Populism is a big red flag for others. But it is not such a big red flag for me. But when we get into the strange loyalty that an FDR or a Trump has then yes it at least gets on the radar. Reagan was a populist, but he seemed to want to reduce the power of government so I didn’t see him as concerning.

    Nativism is a concern as well. And I agree Meloni’s concerns with increased births is suspect.

  42. That’s the whole point, what militia? There isn’t any much less a well regulated one. You need to square that before you go off trying to figure out what type of arms would be permissible; a flintlock or an M16. If you want to make a credible argument in support of almost carte blanche to arm and carry it would behoove you to read the pertinent section(s) of the Federalist Papers where the meaning of arms in society are thrashed out. Then you could at least make a decent case based on intent because the actual words of the SecondA are quite precise about flintlocks being available for local (suppressing slaves) and national defense in the world of the 18c.

    “Police officers should not be carrying weapons that are for self protection and the protection of others as opposed to indiscriminate killing. Would you agree with that is a reasonable limit?” I assume you mean – “should be carrying”? Self protection is in the eye’s of the beholder and unfortunately these things have a tendency to evolve into, pardon the pun, arms races. The police themselves have no option but to carry effective
    deterrence or be outgunned. Anyway, we are getting far afield about the type of gun in lieu of how to interpret the 2A. My original insinuation was about the objectivity of SCOTUS decisions, the 2A only being one example. No need to discuss further, unless a new court sees things differently.

    Free speech:
    We start with the acknowledged premise that free speech isn’t absolute. I think that is readily accepted by all rational sides.

    Caveat: Social media platforms are unprecedented in human history and raise new and unique problems that are still being worked out. Unfettered threats to public safety, security and welfare have to be viewed through a new restrictive lens to avert the worst instincts of group hysteria and mob mentality that can sweep through every household at the speed of light boosted by an exponential feedback loop. This is a fine needle to thread while still remaining true to our sacred trust of self expression free of government interference, influence and censorship.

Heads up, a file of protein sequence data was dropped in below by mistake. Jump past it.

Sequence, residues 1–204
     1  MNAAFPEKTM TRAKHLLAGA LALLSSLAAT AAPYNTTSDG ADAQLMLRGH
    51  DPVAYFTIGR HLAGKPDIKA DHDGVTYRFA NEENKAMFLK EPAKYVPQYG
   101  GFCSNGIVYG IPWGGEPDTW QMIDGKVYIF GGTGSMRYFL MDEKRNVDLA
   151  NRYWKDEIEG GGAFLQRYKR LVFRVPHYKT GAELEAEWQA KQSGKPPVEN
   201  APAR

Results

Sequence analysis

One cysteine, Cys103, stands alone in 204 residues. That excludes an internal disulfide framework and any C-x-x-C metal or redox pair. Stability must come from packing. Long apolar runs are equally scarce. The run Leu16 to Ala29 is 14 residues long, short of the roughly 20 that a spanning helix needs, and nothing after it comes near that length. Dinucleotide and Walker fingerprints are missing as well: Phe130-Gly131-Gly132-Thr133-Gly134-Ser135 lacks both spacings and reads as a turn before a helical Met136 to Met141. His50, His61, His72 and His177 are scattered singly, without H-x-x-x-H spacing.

Your –
    1) This is a can of worms, in my mind, only to the extent of proving that Twitter supposedly knew better but did not do *enough*. If the state cannot prove that Twitter thought it was doing what was expected of it, regardless of 1A rights which are not absolute and Twitter is a private, not public enterprise, then Twitter should be held liable to a certain degree with a promise not to repeat. You can’t have immunity to preach or instigate violence, sedition, libel or fire in a crowded theater, nor false information about a spreading pandemic.

    2) I am not aware of this case nor 3) and have absolutely no expertise on these matters. I simply offer my opinion on what you have stated.

    Interesting case. YouTube is after all a private company offering entertainment more than anything else and it behooves their economic model to keep viewers by catering to their inferred interests. Without further information I have no idea why charges would be brought against them, unless certain political points of view are claiming being squashed or hate speech is being censored, deleted or black boxed. On face value I see no harm in viewer generated algorithms. Again the differentiation between publisher and platform is a novel phenomenon with critical and far reaching consequences. There are plenty of political platforms of every stripe and cesspools like 4chan, 8chan and Gab for those so inclined.